The purpose of this study was to examine stuttering behavior in German-English bilingual people who stutter (PWS), with particular reference to the frequency of stuttering on content and function words. Fifteen bilingual PWS were sampled who spoke German as the first language (L1) and English as a second language (L2). Conversational speech was sampled in each language and analyzed for the percentage of overall stuttering-like disfluencies and distribution of stuttering on content and function words. Significantly more stuttering was found to occur in L2 compared to L1. Stuttering occurred significantly more often on content words compared to function words in L1. No significant difference between stuttering on function and content words was observed in L2. Examination across L1 and L2 found a significantly greater percentage of stuttering on function words in L2 compared to L1, and a significantly lower percentage of stuttering on content words in L2 compared to L1. The characteristics of stuttering in L2 could not be differentiated on the basis of an L2 proficiency measure. The differences observed in the amount of stuttering between L1 and L2 suggest that stuttering in bilingual speakers is closely related to language dominance, with features of stuttering in L2 indicative of a less developed language system.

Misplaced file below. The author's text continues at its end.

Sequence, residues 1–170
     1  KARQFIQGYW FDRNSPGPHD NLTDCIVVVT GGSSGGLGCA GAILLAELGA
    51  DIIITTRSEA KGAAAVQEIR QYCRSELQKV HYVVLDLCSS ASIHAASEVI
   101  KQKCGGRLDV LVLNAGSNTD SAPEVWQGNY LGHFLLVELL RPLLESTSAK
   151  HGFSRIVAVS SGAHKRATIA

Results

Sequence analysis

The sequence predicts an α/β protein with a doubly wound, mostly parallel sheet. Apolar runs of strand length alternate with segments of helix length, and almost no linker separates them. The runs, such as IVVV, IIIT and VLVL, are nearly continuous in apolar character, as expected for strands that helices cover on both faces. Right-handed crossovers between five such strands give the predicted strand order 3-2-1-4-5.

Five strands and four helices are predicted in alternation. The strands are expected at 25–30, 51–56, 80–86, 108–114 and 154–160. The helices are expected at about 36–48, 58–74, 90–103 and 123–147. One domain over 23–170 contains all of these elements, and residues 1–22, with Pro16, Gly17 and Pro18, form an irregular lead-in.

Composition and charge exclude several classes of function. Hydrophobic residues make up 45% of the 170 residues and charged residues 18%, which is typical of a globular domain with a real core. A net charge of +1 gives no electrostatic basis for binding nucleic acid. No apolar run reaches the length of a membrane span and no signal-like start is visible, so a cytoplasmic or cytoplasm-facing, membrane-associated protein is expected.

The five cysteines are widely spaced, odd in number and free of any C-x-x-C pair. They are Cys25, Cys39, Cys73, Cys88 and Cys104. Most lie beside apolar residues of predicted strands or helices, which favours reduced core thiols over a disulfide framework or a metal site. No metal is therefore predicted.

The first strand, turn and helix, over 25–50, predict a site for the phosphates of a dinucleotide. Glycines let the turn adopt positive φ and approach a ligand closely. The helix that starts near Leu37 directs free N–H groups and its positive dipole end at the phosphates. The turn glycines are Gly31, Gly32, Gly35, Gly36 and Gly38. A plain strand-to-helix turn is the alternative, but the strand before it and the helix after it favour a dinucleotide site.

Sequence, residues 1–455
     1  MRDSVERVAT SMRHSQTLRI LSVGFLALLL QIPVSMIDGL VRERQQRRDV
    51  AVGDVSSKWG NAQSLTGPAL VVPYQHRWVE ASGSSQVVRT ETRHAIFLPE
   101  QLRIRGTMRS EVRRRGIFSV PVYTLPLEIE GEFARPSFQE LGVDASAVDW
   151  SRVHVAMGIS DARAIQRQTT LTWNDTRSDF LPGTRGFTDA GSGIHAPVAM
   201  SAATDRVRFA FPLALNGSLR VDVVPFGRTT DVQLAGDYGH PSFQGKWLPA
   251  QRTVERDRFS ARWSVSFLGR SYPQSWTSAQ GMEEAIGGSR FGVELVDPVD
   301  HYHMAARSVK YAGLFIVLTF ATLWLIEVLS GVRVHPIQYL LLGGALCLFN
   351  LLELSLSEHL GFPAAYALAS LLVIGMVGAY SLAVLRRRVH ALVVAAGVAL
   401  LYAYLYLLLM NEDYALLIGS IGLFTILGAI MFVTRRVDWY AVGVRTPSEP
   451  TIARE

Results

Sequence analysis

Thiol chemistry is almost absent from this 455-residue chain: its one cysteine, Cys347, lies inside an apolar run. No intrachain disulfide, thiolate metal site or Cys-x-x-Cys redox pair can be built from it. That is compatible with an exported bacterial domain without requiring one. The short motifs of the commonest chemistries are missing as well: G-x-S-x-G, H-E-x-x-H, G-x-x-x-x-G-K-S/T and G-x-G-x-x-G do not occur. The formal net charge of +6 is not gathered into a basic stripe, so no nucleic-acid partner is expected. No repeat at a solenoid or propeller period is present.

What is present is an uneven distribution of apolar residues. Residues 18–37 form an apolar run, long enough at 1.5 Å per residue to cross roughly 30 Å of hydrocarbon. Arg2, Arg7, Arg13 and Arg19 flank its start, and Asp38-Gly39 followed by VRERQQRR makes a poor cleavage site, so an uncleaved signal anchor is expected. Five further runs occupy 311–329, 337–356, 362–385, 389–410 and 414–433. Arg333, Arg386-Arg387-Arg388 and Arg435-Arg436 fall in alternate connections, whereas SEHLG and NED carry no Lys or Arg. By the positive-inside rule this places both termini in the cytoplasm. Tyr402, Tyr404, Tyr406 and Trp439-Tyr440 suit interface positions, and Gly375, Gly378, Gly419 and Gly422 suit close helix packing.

All Science Journal Classification (ASJC) codes
- Language and Linguistics
- Linguistics and Language
- Speech and Hearing